RSVP volunteer Sue Fujino received the Governor’s Award of Excellence for Outstanding Volunteer Service on April 21, 2014 at a ceremony in Olympia. In her citation she is described as a “4’7”, 90 lb dynamo of a volunteer that, despite her petite stature, everyone looks up to!” Sue will be 95 in June, but her smiling face and sharp, clear mind make her seem much younger.
Sue volunteers three days a week at Kokoro Kai, a Nikkei Concerns senior activity day program located in Seattle’s International District. Kokoro Kai (meaning “a meeting of hearts and minds”) offers a structured program designed to provide companionship and help the elderly in the community “maintain independence, enhance their quality of life and promote health and wellness.” A typical day begins with a tea time social followed by game time, exercise time, lunch, and two afternoon activities that range from gentle yoga and crafts to group discussions and bingo. There are monthly outings, an intergeneration visit with 2nd graders, and a monthly group birthday party.
Seeking economic opportunity, Sue’s parents emigrated from Japan to farm berries in Auburn WA (strawberries, raspberries, blackberries). Nine children later (four boys, five girls), thoughts of returning to Japan vanished. Farming is hard work, and Sue remembered getting up at 4 am to pick berries her father would take to market.
On December 3, 1941, Sue married the son of family friends. On December 7, 1941, the Japanese bombed Pearl Harbor. Sue and her husband were first sent to a makeshift camp in the Puyallup Fairgrounds before being shipped to the Minidoka Internment Camp in Idaho. Two days after arriving in Idaho, Sue’s daughter was born, adding the strain of an infant to her confinement. Later, her son was born in the camp, too.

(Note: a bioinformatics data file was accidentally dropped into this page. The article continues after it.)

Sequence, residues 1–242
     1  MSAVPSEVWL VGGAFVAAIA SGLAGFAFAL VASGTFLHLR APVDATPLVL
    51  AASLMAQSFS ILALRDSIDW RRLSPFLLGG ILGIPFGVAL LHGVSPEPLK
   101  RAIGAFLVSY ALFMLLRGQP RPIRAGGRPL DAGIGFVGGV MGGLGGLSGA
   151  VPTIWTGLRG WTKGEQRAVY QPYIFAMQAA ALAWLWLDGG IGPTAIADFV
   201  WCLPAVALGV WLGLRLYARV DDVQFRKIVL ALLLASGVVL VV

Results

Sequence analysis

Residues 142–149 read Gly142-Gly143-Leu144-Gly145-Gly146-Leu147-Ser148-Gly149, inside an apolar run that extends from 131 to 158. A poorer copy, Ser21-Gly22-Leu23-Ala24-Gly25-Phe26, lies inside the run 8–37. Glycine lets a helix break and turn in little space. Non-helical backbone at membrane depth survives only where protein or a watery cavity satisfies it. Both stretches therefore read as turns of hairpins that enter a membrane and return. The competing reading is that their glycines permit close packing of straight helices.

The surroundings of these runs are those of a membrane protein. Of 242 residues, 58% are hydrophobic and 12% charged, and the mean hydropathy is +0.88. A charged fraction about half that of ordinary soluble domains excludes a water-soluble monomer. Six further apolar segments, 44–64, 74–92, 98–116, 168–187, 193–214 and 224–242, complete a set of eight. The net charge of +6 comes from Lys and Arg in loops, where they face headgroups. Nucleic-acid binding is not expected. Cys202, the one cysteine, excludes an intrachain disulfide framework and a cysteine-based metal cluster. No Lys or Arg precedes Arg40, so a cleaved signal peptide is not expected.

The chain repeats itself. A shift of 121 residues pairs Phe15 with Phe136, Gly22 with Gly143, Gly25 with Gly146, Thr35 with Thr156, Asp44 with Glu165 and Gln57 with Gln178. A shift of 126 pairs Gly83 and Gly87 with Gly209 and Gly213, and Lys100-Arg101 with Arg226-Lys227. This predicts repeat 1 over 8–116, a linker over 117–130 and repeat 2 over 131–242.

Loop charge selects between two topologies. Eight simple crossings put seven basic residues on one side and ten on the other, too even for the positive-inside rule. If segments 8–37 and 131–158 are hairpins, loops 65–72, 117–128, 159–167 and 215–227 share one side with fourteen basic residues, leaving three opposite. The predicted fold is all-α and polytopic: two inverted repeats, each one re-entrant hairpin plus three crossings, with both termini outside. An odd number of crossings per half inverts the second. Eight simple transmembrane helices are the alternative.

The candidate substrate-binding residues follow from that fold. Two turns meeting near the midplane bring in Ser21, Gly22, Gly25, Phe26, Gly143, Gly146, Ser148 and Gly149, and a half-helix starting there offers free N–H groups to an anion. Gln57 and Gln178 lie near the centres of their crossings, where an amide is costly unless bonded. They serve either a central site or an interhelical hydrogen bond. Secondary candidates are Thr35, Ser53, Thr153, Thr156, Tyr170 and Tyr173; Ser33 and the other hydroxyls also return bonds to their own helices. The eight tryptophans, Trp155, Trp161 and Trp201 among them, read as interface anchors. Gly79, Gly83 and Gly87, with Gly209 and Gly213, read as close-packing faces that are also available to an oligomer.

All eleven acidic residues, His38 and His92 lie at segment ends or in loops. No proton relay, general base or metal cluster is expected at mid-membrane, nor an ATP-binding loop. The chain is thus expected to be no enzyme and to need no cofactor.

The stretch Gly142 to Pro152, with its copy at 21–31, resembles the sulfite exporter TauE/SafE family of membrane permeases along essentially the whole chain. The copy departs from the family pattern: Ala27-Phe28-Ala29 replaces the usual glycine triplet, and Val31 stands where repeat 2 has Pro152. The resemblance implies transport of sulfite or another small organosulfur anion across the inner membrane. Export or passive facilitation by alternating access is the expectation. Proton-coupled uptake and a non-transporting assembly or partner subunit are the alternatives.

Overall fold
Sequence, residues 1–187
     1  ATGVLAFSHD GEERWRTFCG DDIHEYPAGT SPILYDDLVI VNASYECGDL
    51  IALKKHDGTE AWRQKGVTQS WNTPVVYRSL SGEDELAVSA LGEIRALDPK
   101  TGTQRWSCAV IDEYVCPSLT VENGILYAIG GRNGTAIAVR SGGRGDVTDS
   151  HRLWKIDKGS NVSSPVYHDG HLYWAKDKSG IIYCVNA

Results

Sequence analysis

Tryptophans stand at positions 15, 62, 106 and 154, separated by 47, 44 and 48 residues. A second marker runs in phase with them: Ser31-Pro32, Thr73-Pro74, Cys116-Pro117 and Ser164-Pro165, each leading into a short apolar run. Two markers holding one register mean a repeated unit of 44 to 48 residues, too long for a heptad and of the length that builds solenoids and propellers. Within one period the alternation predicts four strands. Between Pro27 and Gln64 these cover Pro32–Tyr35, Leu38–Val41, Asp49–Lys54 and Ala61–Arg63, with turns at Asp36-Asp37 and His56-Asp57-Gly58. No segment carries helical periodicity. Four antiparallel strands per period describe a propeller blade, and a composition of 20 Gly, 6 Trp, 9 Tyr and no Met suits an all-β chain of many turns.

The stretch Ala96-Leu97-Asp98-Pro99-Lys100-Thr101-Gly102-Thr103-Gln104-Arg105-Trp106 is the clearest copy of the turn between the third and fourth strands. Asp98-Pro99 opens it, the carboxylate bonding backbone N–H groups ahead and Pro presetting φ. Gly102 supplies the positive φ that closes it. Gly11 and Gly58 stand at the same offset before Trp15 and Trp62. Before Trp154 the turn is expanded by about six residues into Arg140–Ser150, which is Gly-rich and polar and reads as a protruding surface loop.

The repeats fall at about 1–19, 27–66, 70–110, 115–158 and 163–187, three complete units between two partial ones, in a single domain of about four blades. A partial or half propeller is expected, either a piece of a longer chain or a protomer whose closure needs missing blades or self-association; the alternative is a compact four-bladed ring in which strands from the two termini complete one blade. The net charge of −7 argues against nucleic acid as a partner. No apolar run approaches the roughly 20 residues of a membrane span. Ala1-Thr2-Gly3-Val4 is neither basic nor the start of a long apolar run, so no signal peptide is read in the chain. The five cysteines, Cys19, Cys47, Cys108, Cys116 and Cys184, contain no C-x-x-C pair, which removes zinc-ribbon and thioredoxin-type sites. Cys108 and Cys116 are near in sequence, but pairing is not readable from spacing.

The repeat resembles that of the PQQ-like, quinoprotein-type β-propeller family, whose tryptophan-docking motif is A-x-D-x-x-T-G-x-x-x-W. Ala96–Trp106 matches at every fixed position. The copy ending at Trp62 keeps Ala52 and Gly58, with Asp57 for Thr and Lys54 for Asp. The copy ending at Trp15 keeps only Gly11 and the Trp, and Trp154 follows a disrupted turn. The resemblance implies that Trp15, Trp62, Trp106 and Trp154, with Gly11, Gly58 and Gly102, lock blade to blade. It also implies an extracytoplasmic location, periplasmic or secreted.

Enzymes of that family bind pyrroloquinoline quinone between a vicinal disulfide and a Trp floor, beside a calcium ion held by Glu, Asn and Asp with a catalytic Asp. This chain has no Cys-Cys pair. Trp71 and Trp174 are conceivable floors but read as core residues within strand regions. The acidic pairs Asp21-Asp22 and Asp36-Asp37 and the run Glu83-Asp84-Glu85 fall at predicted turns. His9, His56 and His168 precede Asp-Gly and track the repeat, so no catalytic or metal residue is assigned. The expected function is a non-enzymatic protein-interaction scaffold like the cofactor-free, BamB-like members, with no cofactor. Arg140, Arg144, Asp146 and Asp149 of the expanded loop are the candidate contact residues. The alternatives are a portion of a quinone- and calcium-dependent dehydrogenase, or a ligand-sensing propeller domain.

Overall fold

Released from camp, Sue, her husband, and their two small children moved to a farm in Nyssa, Oregon. Sue described her husband as a “city boy,” not suited to the rigors of farming, so they moved back to Seattle in 1945, where they leased and operated the 100 room Presley Hotel for 17 years. Sue joked that they left the Presley because she got tired of people calling and asking for Elvis! Following the hotel experience, Sue and her husband bought a 29-unit apartment building, which they operated while also holding down other full-time jobs, Sue reconciling accounts for a bank, her husband working for the post office.
Sue retired from the bank at age 69 and two months later she was volunteering at a nursing home, which she did for 10 years. She began volunteering at Kokoro Kai when her husband developed dementia and began utilizing the program. She has been there ever since.
Asked why she volunteers, Sue simply states, “Because I can. I’m thankful to be able to volunteer.” (She is in excellent health.) Furthermore, she adds, “I hate to stay at home; it’s a waste of a life.” At Kokoro Kai, Sue enjoys talking to people (in both English and Japanese), bumping into nice people she hasn’t seen in years, singing, and playing games. (Her favorite game is Rummikub, a tile-based game between two to four people involving strategy and a lot of fun.)
Sue is a model of independent living. She lives alone in a condominium and does her own cooking, cleaning and laundry (including ironing). She gave up driving on her own volition at 93, afraid she might hurt someone. Her daughter calls every day to see how she’s doing, and they go out to dinner once a weekend. Hobbies include knitting, card-making, and reading Danielle Steele novels. Until her hands weakened, she also did decorative knot tying and Bunka Shishu (intricate Japanese embroidery). A devout Buddist, Sue attends services at the Seattle Betsuin Temple every Sunday.
When she was young and living with her family on the Auburn berry farm, Sue’s father told her that, as the oldest daughter, she had a responsibility to set an example for her younger siblings.
Decades later, Sue is setting an example of tireless service to the community.
Leave a Comment